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I Kinda Love the ‘Star Wars’ Spin-off Films

And some other random thoughts about ‘Solo’

When Lucasfilm head Kathleen Kennedy announced new Star Wars films a few years ago that would continue the storyline of Luke Skywalker and his friends in the Rebellion, it was also revealed that the company would produce spin-off movies that weren’t as closely connected to the main storyline. “One of the many wonderful byproducts of the universe that George [Lucas] created is that nearly anything can happen within it,” said Force Awakens director J.J. Abrams about these spin-off films in 2016. He later added, “Going forward, you’re going to see movies that shift tonally, some that are grittier and tougher, and some more comedic in nature.”

In other words, the Star Wars brain trust wanted to play a massive game of what-if with the franchise, giving us films that were within that world but didn’t necessarily feel like Star Wars movies. So far, Lucasfilm has released two such spin-off films: 2016’s Rogue One and this past weekend’s Solo. Both of them have received mixed reviews — especially in comparison to The Force Awakens and The Last Jedi, which are part of the central Star Wars storyline — as naysayers have questioned exactly why anyone need bother with them. Vox film critic Alissa Wilkinson summed up this feeling when writing of Solo, “The result is a bland heist movie in space that does nothing unexpected and never justifies its existence.”

That’s a question you see raised in a lot in reviews of these films — whether or not the movies justify their existence — and it’s an inherent limitation with movies that are merely tangential to a story that people actually care about. It would be like reading all those Star Wars Legends books that take place in the Lucas universe: a way to satiate your Star Wars fixation but hardly monumental or that memorable. It would be like spending as much time listening to Paul McCartney’s solo albums as you do his Beatles records. Some things are just clearly second-tier.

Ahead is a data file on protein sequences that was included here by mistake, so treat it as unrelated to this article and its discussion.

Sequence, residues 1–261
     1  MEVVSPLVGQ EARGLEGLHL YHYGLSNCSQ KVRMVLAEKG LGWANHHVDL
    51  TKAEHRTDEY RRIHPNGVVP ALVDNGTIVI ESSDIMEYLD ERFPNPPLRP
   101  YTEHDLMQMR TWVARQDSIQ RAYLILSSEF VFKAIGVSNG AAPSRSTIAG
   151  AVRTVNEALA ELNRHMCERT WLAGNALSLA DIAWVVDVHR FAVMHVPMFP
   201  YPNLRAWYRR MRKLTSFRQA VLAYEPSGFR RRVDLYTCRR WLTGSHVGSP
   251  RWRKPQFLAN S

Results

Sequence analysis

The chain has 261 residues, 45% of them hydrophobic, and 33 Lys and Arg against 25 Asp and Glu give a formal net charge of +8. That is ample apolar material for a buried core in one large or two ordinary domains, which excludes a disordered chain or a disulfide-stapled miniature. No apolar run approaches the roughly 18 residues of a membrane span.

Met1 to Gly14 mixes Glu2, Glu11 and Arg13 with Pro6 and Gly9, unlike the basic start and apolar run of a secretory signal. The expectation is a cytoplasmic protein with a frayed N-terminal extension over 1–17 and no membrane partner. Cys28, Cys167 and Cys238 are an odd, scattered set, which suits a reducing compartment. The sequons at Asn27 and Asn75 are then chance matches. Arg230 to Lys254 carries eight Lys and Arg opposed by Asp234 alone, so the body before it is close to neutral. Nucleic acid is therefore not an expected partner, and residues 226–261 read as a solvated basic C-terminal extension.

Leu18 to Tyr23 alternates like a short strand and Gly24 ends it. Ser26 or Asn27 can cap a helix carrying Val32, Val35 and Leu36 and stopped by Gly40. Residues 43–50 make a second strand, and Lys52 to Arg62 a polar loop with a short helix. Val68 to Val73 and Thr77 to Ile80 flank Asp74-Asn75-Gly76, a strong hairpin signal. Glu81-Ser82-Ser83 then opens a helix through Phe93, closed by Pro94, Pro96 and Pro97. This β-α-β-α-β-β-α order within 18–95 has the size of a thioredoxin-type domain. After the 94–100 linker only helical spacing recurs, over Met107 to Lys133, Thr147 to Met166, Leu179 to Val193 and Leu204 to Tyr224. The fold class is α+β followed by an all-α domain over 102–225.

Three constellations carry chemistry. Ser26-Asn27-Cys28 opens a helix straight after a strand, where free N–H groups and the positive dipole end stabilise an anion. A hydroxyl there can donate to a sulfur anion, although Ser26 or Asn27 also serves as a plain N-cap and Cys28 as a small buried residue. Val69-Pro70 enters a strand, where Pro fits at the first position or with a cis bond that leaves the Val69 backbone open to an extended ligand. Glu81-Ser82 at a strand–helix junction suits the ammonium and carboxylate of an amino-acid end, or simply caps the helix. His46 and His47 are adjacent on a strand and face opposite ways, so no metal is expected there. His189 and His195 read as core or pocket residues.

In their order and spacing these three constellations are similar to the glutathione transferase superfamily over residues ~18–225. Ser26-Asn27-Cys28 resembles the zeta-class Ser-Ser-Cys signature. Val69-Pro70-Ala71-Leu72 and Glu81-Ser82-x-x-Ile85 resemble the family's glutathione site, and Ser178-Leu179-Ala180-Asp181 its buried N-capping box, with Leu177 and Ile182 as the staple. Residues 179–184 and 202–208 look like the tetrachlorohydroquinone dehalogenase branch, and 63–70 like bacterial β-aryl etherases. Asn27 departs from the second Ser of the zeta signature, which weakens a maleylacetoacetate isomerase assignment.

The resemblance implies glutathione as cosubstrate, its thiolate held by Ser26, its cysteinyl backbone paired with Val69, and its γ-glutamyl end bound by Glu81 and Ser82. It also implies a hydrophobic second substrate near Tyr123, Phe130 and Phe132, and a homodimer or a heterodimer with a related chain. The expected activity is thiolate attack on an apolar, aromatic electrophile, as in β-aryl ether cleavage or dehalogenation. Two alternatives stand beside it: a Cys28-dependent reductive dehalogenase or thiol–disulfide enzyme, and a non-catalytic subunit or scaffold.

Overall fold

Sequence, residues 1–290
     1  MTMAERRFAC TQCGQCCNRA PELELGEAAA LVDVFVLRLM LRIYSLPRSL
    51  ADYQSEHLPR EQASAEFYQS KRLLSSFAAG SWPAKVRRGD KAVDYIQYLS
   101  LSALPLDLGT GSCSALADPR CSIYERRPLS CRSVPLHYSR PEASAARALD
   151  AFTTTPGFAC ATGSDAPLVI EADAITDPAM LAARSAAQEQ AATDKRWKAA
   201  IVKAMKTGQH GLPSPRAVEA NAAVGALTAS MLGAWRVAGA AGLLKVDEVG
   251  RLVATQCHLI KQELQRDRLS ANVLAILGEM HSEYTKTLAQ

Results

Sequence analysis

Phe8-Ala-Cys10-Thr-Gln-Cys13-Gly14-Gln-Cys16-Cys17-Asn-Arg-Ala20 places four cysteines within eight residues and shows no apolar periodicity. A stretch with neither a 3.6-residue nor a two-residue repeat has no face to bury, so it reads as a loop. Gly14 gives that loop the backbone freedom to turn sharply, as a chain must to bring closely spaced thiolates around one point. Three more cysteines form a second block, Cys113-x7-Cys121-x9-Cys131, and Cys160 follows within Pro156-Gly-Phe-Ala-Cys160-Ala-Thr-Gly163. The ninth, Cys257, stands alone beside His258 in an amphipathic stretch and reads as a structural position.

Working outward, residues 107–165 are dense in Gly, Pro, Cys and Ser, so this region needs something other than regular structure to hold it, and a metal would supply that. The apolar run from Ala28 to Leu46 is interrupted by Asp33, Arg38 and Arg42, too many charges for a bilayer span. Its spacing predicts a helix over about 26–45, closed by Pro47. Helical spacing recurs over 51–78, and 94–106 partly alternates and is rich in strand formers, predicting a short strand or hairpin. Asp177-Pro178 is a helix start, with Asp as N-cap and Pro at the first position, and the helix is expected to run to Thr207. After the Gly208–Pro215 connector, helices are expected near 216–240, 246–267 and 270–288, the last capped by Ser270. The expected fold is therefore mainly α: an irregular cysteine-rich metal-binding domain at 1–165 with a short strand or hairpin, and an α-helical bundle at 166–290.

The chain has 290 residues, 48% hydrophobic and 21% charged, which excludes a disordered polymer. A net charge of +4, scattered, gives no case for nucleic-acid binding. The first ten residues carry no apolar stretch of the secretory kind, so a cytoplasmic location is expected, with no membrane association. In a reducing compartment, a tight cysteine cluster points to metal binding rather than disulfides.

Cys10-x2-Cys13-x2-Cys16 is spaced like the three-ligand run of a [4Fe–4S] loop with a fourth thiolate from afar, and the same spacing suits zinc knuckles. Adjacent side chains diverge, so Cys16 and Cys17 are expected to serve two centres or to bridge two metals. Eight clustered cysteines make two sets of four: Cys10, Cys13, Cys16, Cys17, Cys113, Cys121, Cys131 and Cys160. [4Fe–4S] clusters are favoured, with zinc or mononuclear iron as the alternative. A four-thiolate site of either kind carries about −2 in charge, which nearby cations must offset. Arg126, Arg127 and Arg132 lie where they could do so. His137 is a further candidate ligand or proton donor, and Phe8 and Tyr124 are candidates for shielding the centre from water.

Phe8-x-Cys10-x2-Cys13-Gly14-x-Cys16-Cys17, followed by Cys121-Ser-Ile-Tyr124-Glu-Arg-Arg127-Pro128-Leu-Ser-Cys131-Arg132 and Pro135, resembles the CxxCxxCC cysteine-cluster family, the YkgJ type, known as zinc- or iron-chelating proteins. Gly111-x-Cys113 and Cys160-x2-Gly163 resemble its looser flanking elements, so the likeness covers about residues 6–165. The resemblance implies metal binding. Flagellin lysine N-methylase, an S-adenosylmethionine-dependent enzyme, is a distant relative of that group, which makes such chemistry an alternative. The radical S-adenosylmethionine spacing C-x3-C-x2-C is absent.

And while I obviously prefer the canon Star Wars movies, I confess to a real fondness for the redheaded stepchildren that are Rogue One and Solo. They’re flawed, unnecessary and rife with behind-the-scenes drama. (Both movies had to replace their filmmakers midway through.) But I kinda love them for all those reasons. They’re Star Wars movies for people who don’t want all their Star Wars movies to be exactly the same.

It’s not that Abrams and Rian Johnson, who wrote and directed The Last Jedi, didn’t take risks with their films. Johnson especially challenged Star Wars fans to see their beloved characters in a new light, resisting the urge to deliver expected payoffs and portraying Luke as an older, cynical Jedi who had lost his idealism. But those movies still felt part of a cinematic universe we know, complete with the trademark opening crawl and John Williams’ triumphant orchestral score. They copy the texture and feel of what Lucas created 41 years ago.

Not so with Rogue One and Solo: There’s no opening crawl, and only snippets of the Williams score are incorporated. More importantly, their tone is very different. When Rogue One was close to release, the word was that it was going to be a Dirty Dozen-style adventure film. In that same Abrams interview, Kennedy described Solo as “closer to a heist or Western type feel.” The idea has been to create Star Wars spin-offs that have their own funky rhythm — to allow filmmakers to play around in that universe without worrying about adhering to every Star Wars tradition.

Solo demonstrates the benefits of this approach. It’s not a particularly deep or moving film, but it’s a rollicking buddy-cop adventure that’s fun in ways that traditional Star Wars movies — with their emphasis on grandeur and mythmaking storytelling — simply aren’t. In Solo, we meet the young Han Solo (played with charming nonchalance by Alden Ehrenreich) as he becomes friends with Chewbacca (Joonas Suotamo) and encounters Lando Calrissian (Donald Glover). It’s an origin story centered around a big heist that also makes room for Han’s love story with his childhood sweetheart Qi’ra (Emilia Clarke). There are chase scenes and action sequences, and the Millennium Falcon does lots of cool stuff.